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PRINT December 2006

Yve-Alain Bois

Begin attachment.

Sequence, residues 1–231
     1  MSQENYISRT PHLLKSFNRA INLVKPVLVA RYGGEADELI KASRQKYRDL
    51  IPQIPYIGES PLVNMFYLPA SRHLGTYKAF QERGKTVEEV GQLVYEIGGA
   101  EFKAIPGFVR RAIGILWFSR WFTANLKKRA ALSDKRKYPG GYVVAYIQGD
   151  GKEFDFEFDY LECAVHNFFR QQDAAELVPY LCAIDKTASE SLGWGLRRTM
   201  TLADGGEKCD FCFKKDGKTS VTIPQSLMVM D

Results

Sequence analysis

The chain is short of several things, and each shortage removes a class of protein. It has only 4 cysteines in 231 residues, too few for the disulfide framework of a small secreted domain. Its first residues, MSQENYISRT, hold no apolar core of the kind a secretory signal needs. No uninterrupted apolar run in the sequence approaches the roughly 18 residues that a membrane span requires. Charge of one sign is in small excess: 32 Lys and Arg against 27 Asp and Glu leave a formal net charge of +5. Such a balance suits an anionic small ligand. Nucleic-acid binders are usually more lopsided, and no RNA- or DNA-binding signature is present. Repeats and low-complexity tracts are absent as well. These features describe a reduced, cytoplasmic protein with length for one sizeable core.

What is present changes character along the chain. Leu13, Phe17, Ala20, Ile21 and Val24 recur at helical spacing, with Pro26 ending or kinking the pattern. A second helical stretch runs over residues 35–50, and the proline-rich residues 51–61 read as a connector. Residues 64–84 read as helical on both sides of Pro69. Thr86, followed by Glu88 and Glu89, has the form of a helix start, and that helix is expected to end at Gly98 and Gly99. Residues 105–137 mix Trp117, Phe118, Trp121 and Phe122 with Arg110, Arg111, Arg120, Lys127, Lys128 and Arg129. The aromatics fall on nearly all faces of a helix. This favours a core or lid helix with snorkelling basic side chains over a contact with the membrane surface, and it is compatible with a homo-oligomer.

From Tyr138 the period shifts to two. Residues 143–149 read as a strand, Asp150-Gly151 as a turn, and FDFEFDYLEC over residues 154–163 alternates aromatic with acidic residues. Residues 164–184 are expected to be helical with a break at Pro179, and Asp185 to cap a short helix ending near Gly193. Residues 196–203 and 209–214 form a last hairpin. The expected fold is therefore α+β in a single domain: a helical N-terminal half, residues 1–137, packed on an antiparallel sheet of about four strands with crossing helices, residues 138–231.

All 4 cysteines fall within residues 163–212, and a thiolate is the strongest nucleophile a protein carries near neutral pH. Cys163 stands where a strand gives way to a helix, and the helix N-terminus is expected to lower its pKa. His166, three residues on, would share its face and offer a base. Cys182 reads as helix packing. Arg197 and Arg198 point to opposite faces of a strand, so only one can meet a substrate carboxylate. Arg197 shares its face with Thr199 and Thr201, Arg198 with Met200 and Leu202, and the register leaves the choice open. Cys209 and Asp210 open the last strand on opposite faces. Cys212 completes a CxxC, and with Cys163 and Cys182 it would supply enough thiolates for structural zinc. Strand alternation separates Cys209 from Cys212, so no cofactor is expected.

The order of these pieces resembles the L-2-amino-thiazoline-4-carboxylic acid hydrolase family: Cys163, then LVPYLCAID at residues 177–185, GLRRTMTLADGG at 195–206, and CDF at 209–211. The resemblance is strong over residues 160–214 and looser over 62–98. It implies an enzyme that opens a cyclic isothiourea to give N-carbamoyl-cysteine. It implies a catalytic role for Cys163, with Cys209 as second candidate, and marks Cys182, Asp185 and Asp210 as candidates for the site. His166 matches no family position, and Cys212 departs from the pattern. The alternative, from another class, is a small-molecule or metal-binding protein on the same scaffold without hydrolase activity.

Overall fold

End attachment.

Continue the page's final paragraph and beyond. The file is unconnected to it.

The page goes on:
FRIENDS KNOW IT IS NOT MY HABIT to praise the installation of French museum shows, but this past January my reverse chauvinism was (temporarily) overturned, as Paris offered three superbly hung exhibitions, each very different in tone: “Dada,” whose overflowing and overstimulating presentation at the Centre Pompidou made its subsequent, much reduced American incarnations (at the National Gallery of Art in Washington, DC, and the Museum of Modern Art in New York) look absurdly bland; “Ed Ruscha: Photographer” at the Jeu de Paume, a greatly expanded and far better version of a 2004 show at New York’s Whitney Museum of American Art; and, finally, “Pierre Bonnard: The Work of Art, Suspending Time” at the Musée d’Art Moderne de la Ville de Paris. This last exhibition was the one I had specifically made the transatlantic trip to see, and this for two reasons. The first was to pay homage to Suzanne Pagé, for it was her swan song, the last exhibition she curated at the museum where for more than three decades (first as contemporary curator, then as director) she had been the most active advocate of international contemporary art in the overly cautious French museum world. The second was to see if what I had written in the catalogue (I contributed an essay but had no curatorial involvement) stood the test of empirical observation (immodestly, I think it did). For unlike other exhibitions and critical assessments that have cast Bonnard as a realist capturing things “as we see them,” the show convincingly argued from the start that his universe is as much a dreamland as those of Odilon Redon (an artist he loved) and Giorgio de Chirico (whose work I doubt he ever saw).